Le Prince was proud of his invention and excited to share his few motion pictures created with his wife who had remained in the US. His wife prepared a theater in their home for the grand unveiling, and Le Prince packed up his equipment and set off first to resolve some family business in France before making his way to New York to demonstrate his creations and patent the new technology and methods. He never made it to New York.
In early September 1890, prior to his voyage to New York to rejoin his family, Le Prince made his way to Bourges in central France to visit some friends for a few days. Then, on September 13, he traveled east to the capital of the Burgundy region, Dijon, where he stayed with his brother, Albert. Three days later, Le Prince waved farewell to his brother at the Dijon station as he boarded the Dijon to Paris express train. When the train arrived at the Parisian station later on September 16, Le Prince's friends were met with an unusual circumstance: Louis didn't get off the train. Even more unsettling, he wasn't on the train and nor were any trace of his luggage or belongings. The Dijon to Paris express was said to have had no stops in between, and his brother Arthur confirmed his departure. None of the other commuters reported any strange behavior or emergency exits. The French Police, London's Scotland Yard, and Le Prince's family and friends launched extensive searches and an investigation into his whereabouts, but Louis, his corpse, his belongings, nor any clues were ever found. It isn't often that a person vanishes without a trace, and Le Prince's family and friends claimed foul play for many years, suspecting his competitors. There have never been any conclusive results to the case, and he was declared dead in absentia in 1897. However, in 2003, research of the Paris police archives yielded a drowning victim in 1890 said to resemble Le Prince, though it has not been confirmed, and it does not dispel half of the primary theories surrounding his disappearance, of which there are four. Two prominent theories can be, with a degree of confidence, disregarded, and I will list these first.
A well planned and executed suicide could account for his traceless disappearance, and Le Prince's grandson speculated as such to the Film Historian Georges Potonniée, citing that Louis was on the verge of bankruptcy. The financial thread to this case spawned another related theory.
Disappearance for Familial Convenience
Again, on the assumption that Le Prince was in severe financial difficulty, Cinema Historian Jacques Deslandes posited in 1966 that Louis agreed to vanish due to problems over money and "familial conveniences." The suicide theory and any other proposal based on financial difficulty have been debunked; Le Prince's business was profitable, and his newest success in the race for the first moving picture meant he had no real motive to do so. The "familial conveniences" suggestion was unpacked by a journalist in 1977 who quoted a note shown to him by the director of the Dijon municipal library that claimed he died in 1898 in Chicago. Le Prince was said to have moved there for his family's sake as he was homosexual, but there is no real evidence to confirm that to be the case other than the stigma surrounding homosexuality at that time.
It is here we move on to the two theories that while perhaps more farfetched are conversely more plausible and follow the notion of foul play.
Fratricide is the murder of one's sibling and that is a question that ought to have been posed early on in the case. Arthur, Le Prince's brother, was the last person to see Louis alive and claims to have watched him depart on the express train he never disembarked from. Perhaps it could be said that Arthur had the means to kill his brother, but the real question is of motive. In Jean Mitry's book, Histoire du Cinéma, Mitry claims that the most likely scenario is that Le Prince didn't ever board that train in Dijon and that he was either killed by Arthur for money, or that Arthur made no attempt to stop his suicide. As has been covered already, however, no family or friends at the time felt that Louis was suicidal, and evidence appears to point to the contrary; Le Prince was excited by his new invention and had a profit-making business.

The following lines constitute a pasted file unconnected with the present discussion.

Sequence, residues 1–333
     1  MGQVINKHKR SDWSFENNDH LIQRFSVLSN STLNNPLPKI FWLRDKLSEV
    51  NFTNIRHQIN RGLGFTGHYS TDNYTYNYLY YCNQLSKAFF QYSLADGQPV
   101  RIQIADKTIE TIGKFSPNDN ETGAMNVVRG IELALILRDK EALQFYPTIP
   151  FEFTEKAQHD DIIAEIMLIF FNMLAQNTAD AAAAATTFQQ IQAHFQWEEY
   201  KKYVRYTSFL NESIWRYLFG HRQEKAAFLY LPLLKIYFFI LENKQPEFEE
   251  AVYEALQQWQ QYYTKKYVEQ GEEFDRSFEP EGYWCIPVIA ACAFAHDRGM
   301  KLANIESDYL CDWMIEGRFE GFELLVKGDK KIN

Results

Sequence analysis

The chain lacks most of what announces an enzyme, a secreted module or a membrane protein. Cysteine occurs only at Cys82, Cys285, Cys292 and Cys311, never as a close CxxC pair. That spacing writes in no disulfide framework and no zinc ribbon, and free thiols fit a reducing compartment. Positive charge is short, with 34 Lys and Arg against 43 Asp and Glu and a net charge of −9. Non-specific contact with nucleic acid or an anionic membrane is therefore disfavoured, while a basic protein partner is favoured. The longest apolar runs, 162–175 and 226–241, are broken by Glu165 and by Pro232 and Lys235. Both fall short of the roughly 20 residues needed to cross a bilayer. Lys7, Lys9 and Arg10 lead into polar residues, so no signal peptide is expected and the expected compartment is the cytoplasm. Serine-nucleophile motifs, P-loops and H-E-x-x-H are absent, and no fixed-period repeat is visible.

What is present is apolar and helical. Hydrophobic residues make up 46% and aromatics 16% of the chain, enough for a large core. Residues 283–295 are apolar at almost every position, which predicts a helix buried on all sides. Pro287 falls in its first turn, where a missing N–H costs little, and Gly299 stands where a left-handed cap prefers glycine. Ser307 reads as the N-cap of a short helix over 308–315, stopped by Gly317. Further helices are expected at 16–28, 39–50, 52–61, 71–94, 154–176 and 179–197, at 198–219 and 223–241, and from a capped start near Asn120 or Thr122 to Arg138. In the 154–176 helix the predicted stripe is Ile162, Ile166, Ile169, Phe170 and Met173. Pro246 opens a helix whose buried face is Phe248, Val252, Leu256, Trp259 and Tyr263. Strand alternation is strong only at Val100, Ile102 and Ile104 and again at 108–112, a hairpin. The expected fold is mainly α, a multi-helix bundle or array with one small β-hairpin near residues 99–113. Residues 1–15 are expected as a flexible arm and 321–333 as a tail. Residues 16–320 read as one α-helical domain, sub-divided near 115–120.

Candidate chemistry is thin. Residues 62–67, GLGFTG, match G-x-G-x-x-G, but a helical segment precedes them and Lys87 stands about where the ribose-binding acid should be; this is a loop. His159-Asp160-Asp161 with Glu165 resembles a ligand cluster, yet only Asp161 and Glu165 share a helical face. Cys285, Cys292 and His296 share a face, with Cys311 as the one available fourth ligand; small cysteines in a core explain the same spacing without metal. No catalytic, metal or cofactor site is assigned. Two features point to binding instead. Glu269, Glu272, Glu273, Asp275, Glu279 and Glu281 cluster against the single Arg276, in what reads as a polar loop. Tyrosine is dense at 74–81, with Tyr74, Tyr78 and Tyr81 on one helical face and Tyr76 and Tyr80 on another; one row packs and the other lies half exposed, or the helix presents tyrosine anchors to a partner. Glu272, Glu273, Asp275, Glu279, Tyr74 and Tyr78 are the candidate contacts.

No good conspiracy theory is complete without an assassination strand to it, but of all the theories, this is the one with the most motive. In 1889, Le Prince was about to patent his new projector as well as exhibiting his new motion picture in New York. The race to achieve this had, for all intents and purpose, been won by Louis, and patenting his inventions would secure his legacy in cinematography. This prompted the Le Prince family's suspicions of Thomas Edison over a patent know as Equity 6928. The result of who was awarded this patent was the person who would have invented the moving picture camera, and it was of great importance. The American Mutoscope Company initiated litigation against Edison in a war of the patents over Equity 6928, hoping to have Le Prince properly credited for the creation of the motion picture camera and called upon Adolphe Le Prince, Louis's eldest son to be a witness. Adolphe had worked closely with his father on a number of his experiments, and the hope was that the court hearing his many achievements would gain Le Prince the recognition he so deserved. Unfortunately, the initial case was awarded in the favor of Edison, and just two years later, any hope of an appeal was shattered when Adolphe Le Prince was found dead on Fire Island near New York while out hunting ducks.
Whatever the cause for his untimely death, Louis Le Prince's legacy has been growing ever since, with his recognition finally materializing. In recent years, Le Prince has been credited with the original inventor of the moving picture camera and his genius is finally being appreciated.
Sources: The Missing Reel (1990) - Christopher Rawlence, Histoire Comparée du Cinéma (1966) - Jaques Deslandes, Histoire du Cinéma (1967) - Jean Mitry, National Media Museum (UK), Wikipedia, YouTube, Department of Journalism & Creative Media, The University of Alabama